World Library  
Flag as Inappropriate
Email this Article

Hydrogen narcosis

Article Id: WHEBN0021767172
Reproduction Date:

Title: Hydrogen narcosis  
Author: World Heritage Encyclopedia
Language: English
Subject: Nitrogen narcosis, Breathing gases, Hydreliox, Normocapnia, Diving Diseases Research Centre
Publisher: World Heritage Encyclopedia

Hydrogen narcosis

Hydrogen narcosis (also known as the hydrogen effect) is the psychotropic state induced by breathing hydrogen at high pressures. Hydrogen narcosis produces symptoms such as hallucinations, disorientation, and confusion, which are similar to hallucinogenic drugs. It can be experienced by deep-sea divers who dive to 300 metres (1,000 ft) below sea level breathing hydrogen mixtures.[1] However, hydrogen has far less narcotic effect than nitrogen (which causes the better known nitrogen narcosis) and is very rarely used in diving. In tests of the effect of hydrogen narcosis, where divers dove to 500 metres (1,600 ft) with a hydrogen–helium–oxygen (Hydreliox) mixture containing 49% hydrogen, it was found that while the narcotic effect of hydrogen was detectable, the neurological symptoms of high-pressure nervous syndrome were only moderate.[2][3]

See also


  1. ^ Taylor, Larry "Harris". "Diving With Gas Mixes Other Than Air". Retrieved 2009-03-02. 
  2. ^ Abraini, JH; Gardette-Chauffour, MC; Martinez, E; Rostain, JC; Lemaire, C (1994). "Psychophysiological reactions in humans during an open sea dive to 500 m with a hydrogen-helium-oxygen mixture". Journal of Applied Physiology (American Physiological Society) 76 (3): 1113–8.  
  3. ^ Rostain, JC; Gardette-Chauffour, MC; Lemaire, C; Naquet, R (1988). "Effects of a H2-He-O2 mixture on the HPNS up to 450 msw.". Undersea Biomedical Research 15 (4): 257–70.  
This article was sourced from Creative Commons Attribution-ShareAlike License; additional terms may apply. World Heritage Encyclopedia content is assembled from numerous content providers, Open Access Publishing, and in compliance with The Fair Access to Science and Technology Research Act (FASTR), Wikimedia Foundation, Inc., Public Library of Science, The Encyclopedia of Life, Open Book Publishers (OBP), PubMed, U.S. National Library of Medicine, National Center for Biotechnology Information, U.S. National Library of Medicine, National Institutes of Health (NIH), U.S. Department of Health & Human Services, and, which sources content from all federal, state, local, tribal, and territorial government publication portals (.gov, .mil, .edu). Funding for and content contributors is made possible from the U.S. Congress, E-Government Act of 2002.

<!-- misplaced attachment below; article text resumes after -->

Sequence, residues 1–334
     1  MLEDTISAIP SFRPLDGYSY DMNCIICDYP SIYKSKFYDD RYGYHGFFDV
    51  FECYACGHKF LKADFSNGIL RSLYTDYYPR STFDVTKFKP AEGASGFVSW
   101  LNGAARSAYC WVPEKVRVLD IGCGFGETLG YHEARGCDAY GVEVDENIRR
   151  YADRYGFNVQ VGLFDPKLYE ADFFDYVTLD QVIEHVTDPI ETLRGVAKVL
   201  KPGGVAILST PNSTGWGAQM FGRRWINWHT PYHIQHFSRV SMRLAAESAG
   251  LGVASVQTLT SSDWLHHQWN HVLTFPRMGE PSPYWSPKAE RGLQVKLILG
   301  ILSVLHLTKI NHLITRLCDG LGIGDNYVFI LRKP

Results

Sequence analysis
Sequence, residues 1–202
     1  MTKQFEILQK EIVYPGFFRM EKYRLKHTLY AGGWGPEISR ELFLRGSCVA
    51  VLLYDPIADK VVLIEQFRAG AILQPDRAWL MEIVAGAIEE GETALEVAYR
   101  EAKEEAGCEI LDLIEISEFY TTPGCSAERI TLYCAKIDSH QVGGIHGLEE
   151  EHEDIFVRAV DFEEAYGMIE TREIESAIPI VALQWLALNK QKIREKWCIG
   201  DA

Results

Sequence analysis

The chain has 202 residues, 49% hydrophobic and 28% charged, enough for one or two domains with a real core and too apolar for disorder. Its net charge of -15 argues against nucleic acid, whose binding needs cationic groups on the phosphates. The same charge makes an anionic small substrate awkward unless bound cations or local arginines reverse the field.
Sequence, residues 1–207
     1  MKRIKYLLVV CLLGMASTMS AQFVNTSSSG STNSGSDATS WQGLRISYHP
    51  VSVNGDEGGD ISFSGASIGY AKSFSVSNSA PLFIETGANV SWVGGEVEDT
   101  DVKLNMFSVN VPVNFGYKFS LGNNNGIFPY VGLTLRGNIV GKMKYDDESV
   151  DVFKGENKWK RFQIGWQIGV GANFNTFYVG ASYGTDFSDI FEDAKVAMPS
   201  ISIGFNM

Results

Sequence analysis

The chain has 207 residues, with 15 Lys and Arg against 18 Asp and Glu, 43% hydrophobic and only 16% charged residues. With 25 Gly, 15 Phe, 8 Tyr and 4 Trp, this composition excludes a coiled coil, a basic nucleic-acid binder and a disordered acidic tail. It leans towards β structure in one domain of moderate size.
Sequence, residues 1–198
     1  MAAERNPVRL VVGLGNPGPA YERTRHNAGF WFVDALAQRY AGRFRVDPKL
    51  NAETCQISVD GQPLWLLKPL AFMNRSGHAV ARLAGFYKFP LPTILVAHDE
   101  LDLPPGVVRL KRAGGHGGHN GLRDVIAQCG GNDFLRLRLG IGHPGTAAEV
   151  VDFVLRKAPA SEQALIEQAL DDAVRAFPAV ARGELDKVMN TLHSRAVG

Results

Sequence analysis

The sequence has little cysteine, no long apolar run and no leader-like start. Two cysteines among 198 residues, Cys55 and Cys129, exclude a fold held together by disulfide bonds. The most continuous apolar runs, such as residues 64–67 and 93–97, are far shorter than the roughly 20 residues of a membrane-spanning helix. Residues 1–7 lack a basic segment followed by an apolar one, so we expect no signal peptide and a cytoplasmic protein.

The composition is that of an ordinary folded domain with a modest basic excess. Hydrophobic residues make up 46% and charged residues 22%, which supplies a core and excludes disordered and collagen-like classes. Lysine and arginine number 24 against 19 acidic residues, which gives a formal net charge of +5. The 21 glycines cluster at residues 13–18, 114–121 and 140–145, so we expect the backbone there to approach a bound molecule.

Crowd sourced content that is contributed to World Heritage Encyclopedia is peer reviewed and edited by our editorial staff to ensure quality scholarly research articles.
By using this site, you agree to the Terms of Use and Privacy Policy. World Heritage Encyclopedia™ is a registered trademark of the World Public Library Association, a non-profit organization.

Copyright © World Library Foundation. All rights reserved. eBooks from World eBook Library are sponsored by the World Library Foundation,
a 501c(4) Member's Support Non-Profit Organization, and is NOT affiliated with any governmental agency or department.